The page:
So far we have the type definitions on database side and on query side, so the next step is to query the database and return query types.
Querying Database and returning Query Types
the most essential part is when adding your request types at the top, the actual resolve functions to be of the style resolve_<request_name> so the data is picked by the Default Resolver, more details on this you can read here. The argument types are passed as is and you can directly put them in the filter method for the SQLAlchemy object. It’s in the above screenshot where the magic happens. You query in JSON format SQL database. You still need to define how the database search is actually done.
The UPDATE/INSERT queries are represented with the mutation keyword before the curly brace that starts the query.
The definition is similar to the read queries, since we defined the StudentFields we directly pass them as to what to parse and how to store in the database respectively. No magic here, just more mappings. Once done, you can return an object of what you’ve added, I like to add a status, in case it fails, similar to an HTTP 200 response, above, I return just True, but you can do .rollback() for example if your SQL transaction failed and so on.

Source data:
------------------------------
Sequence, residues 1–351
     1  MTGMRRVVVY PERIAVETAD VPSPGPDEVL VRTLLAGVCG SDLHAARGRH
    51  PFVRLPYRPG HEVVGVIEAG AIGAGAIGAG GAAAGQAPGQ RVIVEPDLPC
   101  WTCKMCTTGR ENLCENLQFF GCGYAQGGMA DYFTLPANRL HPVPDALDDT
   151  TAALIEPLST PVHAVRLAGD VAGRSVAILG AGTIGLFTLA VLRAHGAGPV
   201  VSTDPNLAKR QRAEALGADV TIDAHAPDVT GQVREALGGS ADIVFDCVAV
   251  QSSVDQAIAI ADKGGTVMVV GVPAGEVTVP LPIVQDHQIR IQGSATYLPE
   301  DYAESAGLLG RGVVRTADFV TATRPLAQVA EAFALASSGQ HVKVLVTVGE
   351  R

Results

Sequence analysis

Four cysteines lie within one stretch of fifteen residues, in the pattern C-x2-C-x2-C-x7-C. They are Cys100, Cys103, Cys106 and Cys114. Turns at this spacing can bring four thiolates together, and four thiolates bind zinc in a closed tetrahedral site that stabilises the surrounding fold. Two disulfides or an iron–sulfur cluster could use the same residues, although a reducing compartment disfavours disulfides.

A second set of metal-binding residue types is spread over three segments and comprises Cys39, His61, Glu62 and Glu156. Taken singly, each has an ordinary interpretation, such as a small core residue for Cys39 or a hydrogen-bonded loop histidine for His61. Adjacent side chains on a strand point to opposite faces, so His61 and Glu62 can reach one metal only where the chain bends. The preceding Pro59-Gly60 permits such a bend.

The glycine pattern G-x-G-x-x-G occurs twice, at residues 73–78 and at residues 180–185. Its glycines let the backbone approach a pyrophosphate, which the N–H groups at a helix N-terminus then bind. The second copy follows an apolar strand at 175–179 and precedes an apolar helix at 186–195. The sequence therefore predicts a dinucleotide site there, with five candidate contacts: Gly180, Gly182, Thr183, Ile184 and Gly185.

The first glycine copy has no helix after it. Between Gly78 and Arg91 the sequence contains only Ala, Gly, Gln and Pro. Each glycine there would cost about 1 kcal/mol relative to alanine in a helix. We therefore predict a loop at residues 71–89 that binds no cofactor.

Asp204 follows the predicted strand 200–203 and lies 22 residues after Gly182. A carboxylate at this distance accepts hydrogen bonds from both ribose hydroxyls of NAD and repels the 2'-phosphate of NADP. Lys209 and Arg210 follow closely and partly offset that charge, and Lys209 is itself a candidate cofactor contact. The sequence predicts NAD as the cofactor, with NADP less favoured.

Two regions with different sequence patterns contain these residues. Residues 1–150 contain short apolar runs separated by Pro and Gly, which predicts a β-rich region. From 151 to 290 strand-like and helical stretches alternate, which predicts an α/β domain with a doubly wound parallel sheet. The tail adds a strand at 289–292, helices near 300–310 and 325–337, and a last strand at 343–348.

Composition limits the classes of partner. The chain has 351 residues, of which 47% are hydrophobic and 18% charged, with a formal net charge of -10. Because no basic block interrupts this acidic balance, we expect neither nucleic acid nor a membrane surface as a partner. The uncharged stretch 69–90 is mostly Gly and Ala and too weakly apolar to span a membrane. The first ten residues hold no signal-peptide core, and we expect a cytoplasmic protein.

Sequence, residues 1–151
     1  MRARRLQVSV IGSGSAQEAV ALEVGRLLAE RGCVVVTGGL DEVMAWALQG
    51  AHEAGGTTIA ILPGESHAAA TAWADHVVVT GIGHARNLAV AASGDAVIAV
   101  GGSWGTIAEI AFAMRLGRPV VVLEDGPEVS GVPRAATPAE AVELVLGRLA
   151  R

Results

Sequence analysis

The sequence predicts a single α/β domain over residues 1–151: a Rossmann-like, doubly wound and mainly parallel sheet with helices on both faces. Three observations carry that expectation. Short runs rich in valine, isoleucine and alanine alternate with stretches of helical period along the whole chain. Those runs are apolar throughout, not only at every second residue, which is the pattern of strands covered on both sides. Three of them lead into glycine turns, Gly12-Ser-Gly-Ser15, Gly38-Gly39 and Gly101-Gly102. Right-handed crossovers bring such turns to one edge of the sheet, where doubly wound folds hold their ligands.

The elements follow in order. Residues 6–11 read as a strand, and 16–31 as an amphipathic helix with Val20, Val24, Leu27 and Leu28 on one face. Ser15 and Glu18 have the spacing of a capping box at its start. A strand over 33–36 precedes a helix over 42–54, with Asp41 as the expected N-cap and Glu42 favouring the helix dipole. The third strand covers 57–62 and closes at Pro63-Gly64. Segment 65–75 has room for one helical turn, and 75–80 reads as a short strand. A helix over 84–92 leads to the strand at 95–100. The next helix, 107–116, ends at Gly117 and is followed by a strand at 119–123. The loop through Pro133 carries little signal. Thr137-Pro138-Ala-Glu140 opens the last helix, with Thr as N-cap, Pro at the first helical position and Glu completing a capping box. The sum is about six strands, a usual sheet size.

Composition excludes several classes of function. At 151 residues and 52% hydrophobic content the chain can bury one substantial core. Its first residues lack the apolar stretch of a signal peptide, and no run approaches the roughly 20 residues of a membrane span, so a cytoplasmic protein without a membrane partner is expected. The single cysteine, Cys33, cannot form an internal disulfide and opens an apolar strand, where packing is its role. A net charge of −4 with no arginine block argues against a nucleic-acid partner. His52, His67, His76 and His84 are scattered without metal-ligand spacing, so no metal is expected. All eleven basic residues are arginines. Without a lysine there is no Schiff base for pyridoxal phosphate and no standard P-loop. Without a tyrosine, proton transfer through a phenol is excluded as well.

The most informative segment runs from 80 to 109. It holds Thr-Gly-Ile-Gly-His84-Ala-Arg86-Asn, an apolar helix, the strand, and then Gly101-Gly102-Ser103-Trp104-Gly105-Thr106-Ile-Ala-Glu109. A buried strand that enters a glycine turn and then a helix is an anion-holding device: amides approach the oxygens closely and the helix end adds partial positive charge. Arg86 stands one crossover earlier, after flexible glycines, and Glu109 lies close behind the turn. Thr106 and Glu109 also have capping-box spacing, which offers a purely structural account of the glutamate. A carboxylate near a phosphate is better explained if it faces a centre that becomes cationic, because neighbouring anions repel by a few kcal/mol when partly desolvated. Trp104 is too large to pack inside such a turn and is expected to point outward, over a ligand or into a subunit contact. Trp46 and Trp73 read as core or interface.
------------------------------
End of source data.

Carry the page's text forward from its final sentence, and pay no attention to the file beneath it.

Hosting the GraphiQL with Flask
If you’ve worked with Flask before, there isn’t anything particularly different setup-wise about it. Since there’s a module that makes hosting the interactive query console a one-liner. Import the GraphQLView and add an endpoint to the Flask application. This will host the GraphQL endpoint, but until you set graphiql to True, you won’t get a UI.
If this worked correctly, you should be able to reach http://localhost:5000 and get the below view:
In the repo with all files, I’ve added a text file with sample queries you can try out as soon as you spawn the server locally.
I hope you’ve found this tutorial useful. Share with others, who you’ve always wanted to do the jump from SQL to GraphQL. Until next time!